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Family Affair: The Texas Tenors to Help Raise Funds for Springfield Youth Symphony

(Poster design courtesy Gillioz Theatre)

Pleasant Hope natives JC Fisher and Carla Wooton are brother and sister.  He claims she was always the musical one in the family, while playing ball was his thing.  But they both now enjoy thriving musical careers:  Wooton is the Assistant Director of the Springfield Youth Symphony, an audition-only orchestra of 65 young musicians sponsored by Springfield Public Schools.  Fisher is founder of the group “The Texas Tenors,” who achieved national fame on NBC-TV’s America’s Got Talent and used that as a springboard to an international performing career, including being named the Number Ten Classical Artists in the World by Billboard Magazine.  Fisher and his partners John Hagen and Marcus Collins will perform with the Springfield Youth Symphony as a fundraiser for the orchestra Saturday afternoon May 13 at 3:00pm at the Gillioz Theatre, 325 Park Central East.

Says JC Fisher, “I went to what was SMSU at the time from 1992-95, and I worked at the Boys and Girls Club on Boonville.  And I was really busy here in town doing singing telegrams at Balloony Tunes.” He discovered he had a singing voice while in college, and studied under Dr. Rose Mary Owens at MSU, as well as participating in Dr. Guy Webb’s Concert Chorale.  Fisher then transferred to Wichita State University’s highly regarded vocal-music program and received his vocal music degree there. 

“After that I moved to Texas and worked on cruise ships, and went to about 84 countries over the next ten years.”  He then put his own solo show together.  While entertaining on a Celebrity Cruise Lines ship, Fisher met Marcus Collins in 2000, and the two became fast friends, keeping in touch as they each pursued solo careers... in between various day jobs.  Ditto with John Hagen, who was in business with another opera singer re-habbing homes in between performing gigs.  Fisher says, “I was tiling a floor one day, and we had the Three Tenors (aka Pavarotti/Carreras/Domingo) or Caruso playing, and he started singing along—and I was like, ‘Wow! I have to sing with this guy!’” That’s when Fisher hatched the idea of “The Texas Tenors,” and submitted an application and audition tape to the producers of NBC-TV’s America’s Got Talent.  The trio has since accumulated a long list of awards, accolades and fans around the world. Their concerts are described as “a unique blend of country, classical, Broadway and current pop music, with breathtaking vocals, humor and a touch of cowboy charm.” Or as JC Fisher describes it, “In our show it’s fun because I get to sing some country music, some classical, some Broadway, some gospel.  It’s great.” He admits the name “Texas Tenors” confuses some people in terms of what kind of show they present. But, he says, “100 percent of the people come out and say, ‘We were totally surprised by what we saw.’ It’s very entertaining: it’s audience participation, there are video elements, there’s drama, there’s laughter, there’s everything you’d want in a concert.”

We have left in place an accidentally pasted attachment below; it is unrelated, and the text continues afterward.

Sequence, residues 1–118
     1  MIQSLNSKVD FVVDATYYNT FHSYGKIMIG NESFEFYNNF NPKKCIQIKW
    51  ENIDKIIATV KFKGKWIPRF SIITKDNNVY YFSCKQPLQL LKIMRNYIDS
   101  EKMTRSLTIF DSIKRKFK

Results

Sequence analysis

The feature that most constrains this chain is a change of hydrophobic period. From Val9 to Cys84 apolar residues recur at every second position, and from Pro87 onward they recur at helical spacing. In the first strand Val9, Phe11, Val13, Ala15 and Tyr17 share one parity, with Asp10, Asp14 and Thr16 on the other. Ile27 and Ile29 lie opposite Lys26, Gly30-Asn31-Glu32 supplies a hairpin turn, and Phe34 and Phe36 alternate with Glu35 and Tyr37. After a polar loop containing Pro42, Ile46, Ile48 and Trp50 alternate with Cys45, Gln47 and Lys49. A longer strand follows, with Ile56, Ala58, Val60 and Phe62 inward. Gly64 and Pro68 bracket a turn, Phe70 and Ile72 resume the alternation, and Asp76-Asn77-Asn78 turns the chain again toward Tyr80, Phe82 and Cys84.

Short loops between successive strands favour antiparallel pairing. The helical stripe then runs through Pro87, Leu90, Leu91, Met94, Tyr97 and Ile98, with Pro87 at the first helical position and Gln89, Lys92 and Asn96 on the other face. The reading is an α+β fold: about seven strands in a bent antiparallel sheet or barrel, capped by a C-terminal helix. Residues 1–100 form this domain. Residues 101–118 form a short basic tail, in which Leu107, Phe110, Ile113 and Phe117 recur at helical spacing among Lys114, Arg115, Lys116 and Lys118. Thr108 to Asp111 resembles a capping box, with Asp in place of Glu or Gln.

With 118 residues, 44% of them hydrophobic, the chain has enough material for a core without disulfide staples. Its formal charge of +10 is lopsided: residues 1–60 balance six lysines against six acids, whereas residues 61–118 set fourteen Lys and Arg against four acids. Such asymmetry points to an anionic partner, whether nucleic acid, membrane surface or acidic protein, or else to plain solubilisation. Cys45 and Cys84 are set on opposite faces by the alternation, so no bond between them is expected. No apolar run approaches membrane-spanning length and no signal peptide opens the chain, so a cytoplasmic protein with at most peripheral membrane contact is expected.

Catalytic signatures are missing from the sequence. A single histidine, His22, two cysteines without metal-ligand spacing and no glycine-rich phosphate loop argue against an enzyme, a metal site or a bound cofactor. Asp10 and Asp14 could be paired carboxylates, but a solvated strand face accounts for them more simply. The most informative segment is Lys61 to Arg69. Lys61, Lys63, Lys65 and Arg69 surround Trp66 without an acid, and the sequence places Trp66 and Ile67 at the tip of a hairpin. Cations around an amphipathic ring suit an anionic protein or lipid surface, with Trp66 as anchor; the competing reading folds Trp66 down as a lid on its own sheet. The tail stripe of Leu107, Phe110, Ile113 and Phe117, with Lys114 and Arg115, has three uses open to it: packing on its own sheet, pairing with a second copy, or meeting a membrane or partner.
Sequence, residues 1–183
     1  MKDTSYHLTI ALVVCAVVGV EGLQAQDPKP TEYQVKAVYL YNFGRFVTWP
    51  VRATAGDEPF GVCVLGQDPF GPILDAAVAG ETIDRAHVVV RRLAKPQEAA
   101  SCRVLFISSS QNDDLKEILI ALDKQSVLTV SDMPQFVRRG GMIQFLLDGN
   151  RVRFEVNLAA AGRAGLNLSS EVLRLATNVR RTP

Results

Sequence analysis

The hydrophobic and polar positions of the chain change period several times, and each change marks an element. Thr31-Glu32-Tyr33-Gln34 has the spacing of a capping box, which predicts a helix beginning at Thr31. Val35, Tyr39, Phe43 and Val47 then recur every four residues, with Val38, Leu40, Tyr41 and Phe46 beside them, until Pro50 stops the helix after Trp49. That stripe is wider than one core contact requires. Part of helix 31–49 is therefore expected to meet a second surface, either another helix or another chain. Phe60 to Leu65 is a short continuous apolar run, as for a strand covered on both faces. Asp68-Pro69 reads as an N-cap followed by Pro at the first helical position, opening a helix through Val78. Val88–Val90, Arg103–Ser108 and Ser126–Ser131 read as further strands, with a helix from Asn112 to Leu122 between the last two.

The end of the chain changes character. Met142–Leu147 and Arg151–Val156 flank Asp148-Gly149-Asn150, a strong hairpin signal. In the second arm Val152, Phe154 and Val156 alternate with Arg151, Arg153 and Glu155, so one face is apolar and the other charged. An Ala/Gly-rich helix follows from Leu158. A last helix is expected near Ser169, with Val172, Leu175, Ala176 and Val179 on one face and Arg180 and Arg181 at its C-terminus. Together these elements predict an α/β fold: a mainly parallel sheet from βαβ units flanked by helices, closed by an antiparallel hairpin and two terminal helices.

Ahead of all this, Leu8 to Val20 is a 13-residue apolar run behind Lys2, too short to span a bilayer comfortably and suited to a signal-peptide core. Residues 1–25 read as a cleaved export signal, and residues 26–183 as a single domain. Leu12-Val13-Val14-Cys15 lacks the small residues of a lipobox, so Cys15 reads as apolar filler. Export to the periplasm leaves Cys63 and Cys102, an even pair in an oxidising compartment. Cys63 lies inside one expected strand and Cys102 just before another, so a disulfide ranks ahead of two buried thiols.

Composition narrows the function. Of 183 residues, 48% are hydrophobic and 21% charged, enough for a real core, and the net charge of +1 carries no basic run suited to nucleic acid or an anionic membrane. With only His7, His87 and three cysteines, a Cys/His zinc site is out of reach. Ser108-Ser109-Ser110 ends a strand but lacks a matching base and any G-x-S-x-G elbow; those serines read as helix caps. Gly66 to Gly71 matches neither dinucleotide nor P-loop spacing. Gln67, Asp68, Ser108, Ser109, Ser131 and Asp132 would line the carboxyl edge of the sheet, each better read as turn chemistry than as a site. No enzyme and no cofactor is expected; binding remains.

JC Fisher has worked with his sister Carla Wooten before: she put together the orchestra and choir for The Texas Tenors’ upcoming PBS-TV special, scheduled for broadcast the second week of August.  (Their first PBS special garnered three Emmy awards.)  This concert with the Springfield Youth Symphony will, in fact, be a sneak preview for local audiences of the Tenors’ new PBS show.  And as a fundraiser for the Youth Symphony program, Fisher feels it’s an ideal way to give back to the local community.

Carla Wooton has been affiliated with the Springfield Youth Symphony since 2007.  It’s one of three different orchestras which span all the grades in which Springfield Public Schools offers orchestra as a course.  The other two, the String Orchestra and the Junior Youth Symphony, act as feeder groups for the main Youth Symphony.  The program is referred to as an “honors” or “honorary” program because, says Carla Wooton, “everyone (who is accepted for membership in one of the ensembles) has to pass and audition and to have private lessons.  We meet once a week from 6:30 to 9:00pm.  And it’s great, because we play the ‘real stuff’—we don’t play watered-down versions or arrangements.  My first year, ten years ago, we performed in Carnegie Hall—I conducted on that stage, and it was awesome!”

Wooton says the concert with The Texas Tenors “is all about helping the Youth Symphony and kids in our area who like to get this experience.  We want to raise money so we can provide private lessons and instruments, and everything that we need.

All proceeds from ticket sales will go toward the Springfield Youth Symphony program, and JC Fisher wanted us to make sure to mention Palen Music Company, who donated items for a silent auction that will take place during the concert. 

Tickets range from $29 to $59, and are available from the Gillioz box office, 863-9491, or at  For more information on JC Fisher and The Texas Tenors, visit

Randy Stewart joined the full-time KSMU staff in June 1978 after working part-time as a student announcer/producer for two years. His job has evolved from Music Director in the early days to encompassing production of a wide range of arts-related programming and features for KSMU, including the online and Friday morning Arts News. Stewart assists volunteer producers John Darkhorse (Route 66 Blues Express), Lee Worman (The Gold Ring), and Emily Higgins (The Mulberry Tree) with the production of their programs. He's also become the de facto "Voice of KSMU" in recent years due to the many hours per day he’s heard doing local station breaks. Stewart’s record of service on behalf of the Springfield arts community earned him the Springfield Regional Arts Council's Ozzie Award in 2006.